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High Tunnel Trellised Cucumber Report

We are looking at 11 of the latest varieties of cucumbers for production characteristics, flavor and shelf life

Locally produced cucumbers are one of the crops most in demand by consumers. Many Pennsylvania growers have met this demand and sell field-grown cucumbers to Giant Foods, Wegman’s, and other major chains. The potential to expand those markets by producing cucumbers both earlier and later than the traditional field-grown season potentially represents several million dollars. The U.S. wholesale market for fresh cucumbers exceeded 480 million dollars on 2012.This year, we are trialing both varieties and production methods to produce specific varieties known as ‘parthenocarpic’ (they do not require pollination by bees) in the small high tunnel at SEAREC. We are looking at 11 of the latest varieties for production characteristics, flavor and shelf life.

Consumers today increasingly demand high quality, full flavored produce. In addition, the single most important trend in produce is the demand for locally produced fruits and vegetables. While consumers vary in their definition of “locally produced” there is no doubt that good flavor is one important characteristic that comes in their package of expectations. With the entire Mid-Atlantic region to market into, PA vegetable growers have the opportunity to meet a substantial portion of the growing demand for cucumbers. Based on the USDA ERS figure from 2012 of $480 M+, and just over 50% of the U.S population lives within 12 driving hours of PA growers, this could represent in excess of $50M for PA growers when one accounts for seasonality. Funding for this program has been provided by the Pennsylvania Vegetable Growers Association (PVGA) through their Marketing Research Program.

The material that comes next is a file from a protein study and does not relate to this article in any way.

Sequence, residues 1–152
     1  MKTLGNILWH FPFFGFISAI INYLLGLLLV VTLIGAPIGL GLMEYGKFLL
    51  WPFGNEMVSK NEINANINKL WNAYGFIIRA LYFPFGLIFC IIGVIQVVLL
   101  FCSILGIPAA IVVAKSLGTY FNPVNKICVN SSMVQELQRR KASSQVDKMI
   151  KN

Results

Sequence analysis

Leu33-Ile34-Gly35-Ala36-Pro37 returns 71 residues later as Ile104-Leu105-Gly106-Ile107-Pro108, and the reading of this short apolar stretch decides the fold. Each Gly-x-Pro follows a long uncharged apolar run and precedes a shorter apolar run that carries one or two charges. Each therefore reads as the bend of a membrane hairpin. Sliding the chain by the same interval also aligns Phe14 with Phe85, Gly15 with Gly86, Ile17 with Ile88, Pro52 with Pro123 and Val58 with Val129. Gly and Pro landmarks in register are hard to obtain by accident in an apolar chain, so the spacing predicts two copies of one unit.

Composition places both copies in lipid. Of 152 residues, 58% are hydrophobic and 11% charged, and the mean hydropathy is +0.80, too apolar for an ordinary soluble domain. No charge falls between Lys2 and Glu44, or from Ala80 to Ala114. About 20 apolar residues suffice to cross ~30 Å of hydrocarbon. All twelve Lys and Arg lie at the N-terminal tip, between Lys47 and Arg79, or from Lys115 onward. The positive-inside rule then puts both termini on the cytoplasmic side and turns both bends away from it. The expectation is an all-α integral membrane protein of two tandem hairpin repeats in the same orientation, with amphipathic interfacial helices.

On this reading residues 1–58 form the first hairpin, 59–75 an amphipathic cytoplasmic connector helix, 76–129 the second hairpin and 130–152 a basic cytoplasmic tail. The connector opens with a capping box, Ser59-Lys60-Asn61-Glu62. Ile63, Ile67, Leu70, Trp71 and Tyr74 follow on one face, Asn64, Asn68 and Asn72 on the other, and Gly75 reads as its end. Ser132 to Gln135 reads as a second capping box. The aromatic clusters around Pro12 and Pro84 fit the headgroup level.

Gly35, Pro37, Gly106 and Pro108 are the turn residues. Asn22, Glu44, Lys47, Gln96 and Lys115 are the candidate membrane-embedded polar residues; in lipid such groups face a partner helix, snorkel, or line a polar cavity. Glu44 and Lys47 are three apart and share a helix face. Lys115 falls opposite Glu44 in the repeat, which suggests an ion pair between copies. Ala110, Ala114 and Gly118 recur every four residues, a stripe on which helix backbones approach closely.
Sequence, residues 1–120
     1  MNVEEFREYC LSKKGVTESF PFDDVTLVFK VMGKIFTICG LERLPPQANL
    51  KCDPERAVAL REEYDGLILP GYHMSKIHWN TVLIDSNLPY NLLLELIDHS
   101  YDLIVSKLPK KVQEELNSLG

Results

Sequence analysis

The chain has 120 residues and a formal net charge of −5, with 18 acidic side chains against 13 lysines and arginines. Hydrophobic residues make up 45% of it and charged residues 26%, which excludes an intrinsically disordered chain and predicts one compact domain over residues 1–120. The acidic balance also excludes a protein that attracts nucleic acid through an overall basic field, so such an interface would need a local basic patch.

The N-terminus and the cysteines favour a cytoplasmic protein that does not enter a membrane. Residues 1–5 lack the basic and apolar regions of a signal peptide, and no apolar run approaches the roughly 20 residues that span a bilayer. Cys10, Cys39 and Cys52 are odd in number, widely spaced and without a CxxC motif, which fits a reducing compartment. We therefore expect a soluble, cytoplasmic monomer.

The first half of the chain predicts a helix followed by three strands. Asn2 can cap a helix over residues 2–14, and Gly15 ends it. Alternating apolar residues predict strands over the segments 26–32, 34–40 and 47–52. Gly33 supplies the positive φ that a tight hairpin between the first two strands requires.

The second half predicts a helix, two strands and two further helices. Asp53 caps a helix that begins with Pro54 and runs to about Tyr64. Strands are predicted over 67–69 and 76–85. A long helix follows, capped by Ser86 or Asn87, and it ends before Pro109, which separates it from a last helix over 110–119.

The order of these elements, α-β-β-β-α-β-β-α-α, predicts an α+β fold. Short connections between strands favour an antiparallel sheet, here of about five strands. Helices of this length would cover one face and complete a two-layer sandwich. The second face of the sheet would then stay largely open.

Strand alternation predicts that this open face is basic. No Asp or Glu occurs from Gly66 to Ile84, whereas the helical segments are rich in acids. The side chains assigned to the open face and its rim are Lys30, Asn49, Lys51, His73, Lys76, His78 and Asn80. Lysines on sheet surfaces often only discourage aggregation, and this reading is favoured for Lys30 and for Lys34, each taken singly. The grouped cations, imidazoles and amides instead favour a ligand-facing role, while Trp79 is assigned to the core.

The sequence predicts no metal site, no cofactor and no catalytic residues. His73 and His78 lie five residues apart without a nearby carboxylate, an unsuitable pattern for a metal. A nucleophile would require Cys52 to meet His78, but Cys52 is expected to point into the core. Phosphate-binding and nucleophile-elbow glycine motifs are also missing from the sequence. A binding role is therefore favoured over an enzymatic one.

About the Researcher:

Steve Bogash is currently a Horticulture Educator serving Pennsylvania out of the Franklin County office in Chambersburg. He covers vegetables, small fruit, cut flowers, greenhouse vegetables, and specialty marketing as his primary areas of responsibility. Tomatoes, bell peppers, container vegetable, cucumbers, and other specialty crops are regular items in the trial gardens under Steve’s management.

Since 2008, Steve has been doing extensive trials on container-grown vegetables in addition to his high tunnel and field tomato evaluation program started in 2000. Evaluating more than 300 varieties of tomatoes for flavor, appearance, disease resistance and general usability has made Steve very opinionated when it comes to tomato varieties. Steve lives with his wife, Roberta and son, Joe in Newville, PA and is looking to create a vineyard and greenhouse business as a post-retirement form of entertainment.


Contact Information:
Phone:  717-263-9226
Email: smb13@psu.edu